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Red Dye Sensitivities

My son (now 18) was on an antidepressant and other meds a year ago due to having what we thought might be night seizures. He had EEGs done and was put on meds that are used for people with epilepsy so that he could sleep. The EEGs came back normal, so the doctors were kind of at a loss. I watched him twitch and jerk in his sleep. He would wake up in the wee hours of the morning and have to go running around the neighborhood due to the horrible feelings and strange activity going on in his mind. He said he felt panicked and like he was going crazy. This went on almost every night for several months. He did not seem to have the issues during the day, but that was simply because he was conscious and more able to control his mind I guess. I alternately thought he might be becoming psychotic or might be having seizures. He was having severe depression, aggression, sleeplessness and horrible
hallucinations at night. Then it
finally hit me what was really wrong. One particularly bad day (due to months of stress), he had started crying and said he
just "wanted it to be over" and that he felt like he'd never been happy
in his life. That made me say, "No, you have been a happy kid! The only
time you weren't was when you were two and you had the red dye
allergies." Light bulb!! My son had had a severe reaction(s) to red dyes in foods, beverages and medications when he was two.
I discovered this by reading Is This Your Child by Dr. Doris Rapp. By trial and error, and because his antibiotics for ear infections were pink, red dyes were decided to be the culprit for his lack of happiness and his flaring temper. Once he did not take in anything with red dyes (particularly Red 40) he was a wonderful and happy boy. He couldn't eat Fruit Loops or Little Debbie Swiss Cakes or anything but yellow and green suckers. He couldn't have a lot of chocolate foods. He couldn't drink red punch at a birthday party. It's amazing when you start to read ingredients, just how many foods have red dyes in them. It was difficult when had had a cold or fever...all the chewable meds were purple and the cough syrups were cherry-flavored. We had to have his antibiotics made from scratch at a pharmacy that, thank God, had a pharmacist who could do that. By the age of 13, we thought he had outgrown this sensitivity. He was eating things now and then and seemingly not having a reaction. But for a month or so last summer he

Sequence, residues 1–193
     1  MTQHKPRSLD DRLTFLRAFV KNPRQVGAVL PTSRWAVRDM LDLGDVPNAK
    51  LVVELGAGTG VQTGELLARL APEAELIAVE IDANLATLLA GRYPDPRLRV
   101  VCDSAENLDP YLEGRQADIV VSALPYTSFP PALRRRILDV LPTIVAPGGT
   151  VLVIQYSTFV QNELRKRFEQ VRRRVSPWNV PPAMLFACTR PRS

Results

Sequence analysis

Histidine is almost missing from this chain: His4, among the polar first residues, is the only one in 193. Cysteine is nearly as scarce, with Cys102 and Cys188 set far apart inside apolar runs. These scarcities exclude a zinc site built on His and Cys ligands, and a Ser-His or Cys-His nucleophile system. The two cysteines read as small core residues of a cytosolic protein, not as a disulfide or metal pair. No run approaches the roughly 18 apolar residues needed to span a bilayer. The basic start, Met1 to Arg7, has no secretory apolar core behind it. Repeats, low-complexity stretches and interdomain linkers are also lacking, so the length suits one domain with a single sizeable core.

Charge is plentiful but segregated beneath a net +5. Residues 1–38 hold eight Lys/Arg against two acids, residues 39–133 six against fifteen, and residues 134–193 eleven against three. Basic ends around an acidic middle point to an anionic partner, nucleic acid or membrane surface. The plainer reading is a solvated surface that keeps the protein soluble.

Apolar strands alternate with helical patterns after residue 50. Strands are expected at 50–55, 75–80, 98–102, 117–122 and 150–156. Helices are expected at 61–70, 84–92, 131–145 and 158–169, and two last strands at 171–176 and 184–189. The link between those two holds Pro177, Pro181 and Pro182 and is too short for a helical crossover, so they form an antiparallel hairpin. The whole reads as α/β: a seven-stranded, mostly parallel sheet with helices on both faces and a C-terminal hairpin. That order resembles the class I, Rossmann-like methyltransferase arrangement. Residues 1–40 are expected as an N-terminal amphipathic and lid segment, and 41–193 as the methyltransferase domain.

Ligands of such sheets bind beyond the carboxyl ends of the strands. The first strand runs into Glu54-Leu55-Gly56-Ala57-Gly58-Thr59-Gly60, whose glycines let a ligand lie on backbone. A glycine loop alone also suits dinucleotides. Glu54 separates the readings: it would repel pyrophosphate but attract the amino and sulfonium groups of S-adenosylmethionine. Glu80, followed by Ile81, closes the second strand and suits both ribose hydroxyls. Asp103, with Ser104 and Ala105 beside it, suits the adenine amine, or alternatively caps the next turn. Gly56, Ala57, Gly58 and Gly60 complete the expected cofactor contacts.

was eating several things together that contained Red 40 and other red dyes daily (Doritos, V-8 Splash were two of them), and this is what caused all of the symptoms that I so thought could be epilepsy. Red dye seems to build up in his system and takes about 3 days to dissipate. I promised myself that I would try to spread the word that chemical food additives are the cause of many ailments in children. Of course, you can look all over the internet and see discussions about red dyes causing hives and ADHD. But usually you do not see it written that they can cause symptoms that mimick epileptic night seizures. Now you know.

Comments

Re: Red Dye Sensitivities

WOW, I just got everything out of the fridge and cupboards and almost all my son's favorite foods contain Red 40. Is there anyway they can test for this??

Re: Red Dye Sensitivities

I believe there are tests now that can be done. When my son was little, I was told that there were no real conclusive tests for this, but that if I was convinced that the dyes had caused his problems I should just delete the red dyes from his diet, which I certainly did. You may want to read this discussion:

http://my.epilepsy.com/discussion/972402

Talks about allergies to red dyes and some food preservatives being rare. I don't happen to agree, but at least the possibility is acknowledged. I think if anyone suspects that their child has issues because of red dyes, they should try keeping him/her on a dye-free diet for awhile and see if it makes a difference. What do you have to lose?